What is the one dish that best represents Philippine cuisine?
“Lechon,” says chef JP Anglo.
“Sisig,” claims chef Sau del Rosario.
“Adobo,” declares chef Bruce Lim.
Whatever it is, these celebrity chefs know their roots and recognize how rich and wonderful Pinoy food is. Any chance they get, they
promote local fare, recreate the goodness of the dishes they are most familiar with and even reinvent local favorites to make them more appealing and palatable to a wider market including the younger generation.
“Lechon because it’s a festive family dish,” justifies Anglo, who is the featured celebrity chef with Del Rosario and Lim in Diamond Hotel’s ongoing Filipino food festival, “The Best of Filipino Cuisine.”
“We serve lechon whenever there’s something to celebrate about,” Anglo explains. “It means togetherness. It’s so us. It represents our personalities and attitude toward life. We love fiesta. We are always smiling and happy.”
What makes Anglo’s lechon different from other lechon is that he puts a lot of batuan (hard green fruit used to sour dishes), lemongrass and loads of garlic in the pork belly and roasted to perfection. The result: nice smoky flavor with juicy, tender meat that is delicious enough to eat on its own without sauce. The golden-brown skin easily crumbles to the bite with a thin layer of fat attached to the skin.
For the food fest, Anglo also offers Lechon Angus Baka, Wagyu Salpicao, Crispy Garlic Kurobota with Homemade Banana Ketchup, Banana-wrapped Baked Salmon with Kalabasa Gata.
For Del Rosario, who hails from Pampanga, sisig should put the Philippines in the world culinary map.
“Where can you find sisig in the world?” asks Del Rosario. “Only in Angeles City (Pampanga).”
Sisig has been made famous by the late Aling Lucing from Pampanga.
“It’s very Filipino, thanks to Aling Lucing. No matter how unappetizing part of the pork you get the meat from—snout and ear—it comes out very tasty. I think sisig well represents the Philippines. Even if we are living in a third-world country, our food is exceptionally good and worth promoting.”
For the food fest, Del Rosario offers his signature sisig dish with a twist—adding foie gras and organic egg topping. The result: extra rich and flavorful dish with crunchy textures.
Del Rosario has likewise added a gourmet-ish spin to classic Lapu-Lapu Mayonesa, a recipe of his mom. He combines caviar, capers and sour cream to the mayonnaise.
“That’s the way we do it,” says Del Rosario. “I think the younger generation couldn’t relate with stuff like humba. They would rather go for Italian food. So, one way of getting their attention is to add ingredients that they are more familiar with. Chef JP also serves his Angus beef with foie gras. That’s the kind of direction we want to go to these days.”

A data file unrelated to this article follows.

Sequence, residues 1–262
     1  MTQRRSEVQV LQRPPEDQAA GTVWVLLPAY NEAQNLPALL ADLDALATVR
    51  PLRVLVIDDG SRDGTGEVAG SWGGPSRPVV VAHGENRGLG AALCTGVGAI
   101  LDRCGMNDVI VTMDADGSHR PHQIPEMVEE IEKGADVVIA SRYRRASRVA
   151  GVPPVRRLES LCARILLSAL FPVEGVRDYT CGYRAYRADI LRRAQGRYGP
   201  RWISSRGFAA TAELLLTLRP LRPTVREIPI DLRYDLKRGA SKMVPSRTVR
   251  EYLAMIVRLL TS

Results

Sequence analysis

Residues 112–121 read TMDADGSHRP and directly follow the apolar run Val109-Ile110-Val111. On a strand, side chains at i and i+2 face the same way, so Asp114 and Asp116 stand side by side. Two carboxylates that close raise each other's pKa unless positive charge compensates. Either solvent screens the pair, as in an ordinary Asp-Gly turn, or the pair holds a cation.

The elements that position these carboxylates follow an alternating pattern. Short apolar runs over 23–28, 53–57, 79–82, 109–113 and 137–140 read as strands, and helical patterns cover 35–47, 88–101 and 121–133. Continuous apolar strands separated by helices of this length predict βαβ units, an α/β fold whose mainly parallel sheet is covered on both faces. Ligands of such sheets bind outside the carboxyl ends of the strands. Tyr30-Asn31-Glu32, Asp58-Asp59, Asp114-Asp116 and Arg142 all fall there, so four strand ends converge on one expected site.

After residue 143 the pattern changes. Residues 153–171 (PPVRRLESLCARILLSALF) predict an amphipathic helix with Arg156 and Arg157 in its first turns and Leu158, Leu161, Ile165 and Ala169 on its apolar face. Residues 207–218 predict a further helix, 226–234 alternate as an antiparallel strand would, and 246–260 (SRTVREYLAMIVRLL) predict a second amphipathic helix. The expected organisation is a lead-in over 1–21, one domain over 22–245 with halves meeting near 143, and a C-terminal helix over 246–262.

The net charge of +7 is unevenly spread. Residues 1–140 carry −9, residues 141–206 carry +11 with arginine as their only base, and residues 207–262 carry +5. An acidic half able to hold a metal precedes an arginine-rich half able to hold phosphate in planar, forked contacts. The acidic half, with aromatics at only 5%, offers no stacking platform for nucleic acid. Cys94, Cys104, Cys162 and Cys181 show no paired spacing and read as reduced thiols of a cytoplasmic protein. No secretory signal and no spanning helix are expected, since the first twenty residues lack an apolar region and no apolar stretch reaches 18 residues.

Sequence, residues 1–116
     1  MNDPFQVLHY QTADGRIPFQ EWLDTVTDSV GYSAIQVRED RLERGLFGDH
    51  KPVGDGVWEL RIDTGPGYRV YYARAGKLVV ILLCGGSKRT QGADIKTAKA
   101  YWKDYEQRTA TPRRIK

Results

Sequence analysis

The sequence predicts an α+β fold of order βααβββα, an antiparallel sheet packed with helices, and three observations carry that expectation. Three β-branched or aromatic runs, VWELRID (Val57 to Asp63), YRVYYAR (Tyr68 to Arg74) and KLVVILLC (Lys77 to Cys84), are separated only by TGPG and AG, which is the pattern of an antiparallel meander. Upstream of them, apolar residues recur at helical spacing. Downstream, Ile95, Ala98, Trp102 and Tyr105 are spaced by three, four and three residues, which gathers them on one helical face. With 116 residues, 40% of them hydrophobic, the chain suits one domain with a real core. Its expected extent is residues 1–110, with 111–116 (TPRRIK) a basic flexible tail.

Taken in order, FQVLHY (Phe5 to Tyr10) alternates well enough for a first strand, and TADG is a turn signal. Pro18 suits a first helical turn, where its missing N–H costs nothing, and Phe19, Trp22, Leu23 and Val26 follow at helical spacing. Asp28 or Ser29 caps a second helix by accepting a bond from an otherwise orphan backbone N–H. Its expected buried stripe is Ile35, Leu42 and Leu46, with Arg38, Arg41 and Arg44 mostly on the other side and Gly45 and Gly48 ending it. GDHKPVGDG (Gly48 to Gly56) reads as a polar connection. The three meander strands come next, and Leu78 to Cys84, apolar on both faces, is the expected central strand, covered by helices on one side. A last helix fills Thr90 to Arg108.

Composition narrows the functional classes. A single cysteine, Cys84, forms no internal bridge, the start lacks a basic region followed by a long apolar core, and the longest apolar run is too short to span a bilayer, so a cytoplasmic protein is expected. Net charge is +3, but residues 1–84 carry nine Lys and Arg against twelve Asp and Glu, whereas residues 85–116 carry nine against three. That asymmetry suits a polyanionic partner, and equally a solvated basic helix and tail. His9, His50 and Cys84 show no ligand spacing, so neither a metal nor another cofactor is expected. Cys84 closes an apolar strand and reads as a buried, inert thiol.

Del Rosario also serves his Fried Camaru Lumpia with Spicy Vinegar, Lamb Shank Caldereta with Kesong Puti and Olives, Angus Beef Bulalo and Slow-cooked Tamarind-rubbed Kambing in the 10-day food fest.
Lim prefers adobo and sinigang as the most definitive Filipino dishes. Sinigang because it can be prepared with any souring ingredient—from sampalok to batuan to calamansi. It’s sour
and savory, he says.
Adobo because it’s almost everyone’s comfort food, he adds.
“My adobo has two-part cooking process. I bake my adobo first and use the sauce as a glaze in the meat. It’s a very Western kind of approach. I then braise it and simmer slowly over low heat.”
For the food fest, Lim’s take on adobo is like a slider. He rubs the pork with sugar and salt and chars it slowly to have that smoky aftertaste. After browning the meat, he glazes it with adobo sauce. He serves the meat with coleslaw and Kaiser buns. The result: filling and flavorful with tender, barbecue-like taste.
Lim also features his Aligue Cream Prawn Pasta, Roasted Turkey Inasal, Salmon Cured in Lambanog, Kalderetang Itik and Clam Fritters with Sukang Ilocos Glaze, among others, in the food fest.
Diamond Hotel’s executive chef Marko Rankel also showcases his personal interpretations of various local dishes, including goto and pork adobo.
Rankel, who has been in the Philippines for six years, prepares his pork adobo with red wine, German potatoes and carrots and topped with prawns; while his goto is packed with duck liver, foie gras, duck breast and white asparagus from Germany.
“The Best of Filipino Cuisine” runs until May 23 at Corniche Restaurant. Get a chance to win round-trip airline tickets for two to Coron, Palawan, for a minimum P5,000 spent on single receipt at Corniche’s lunch or dinner buffet.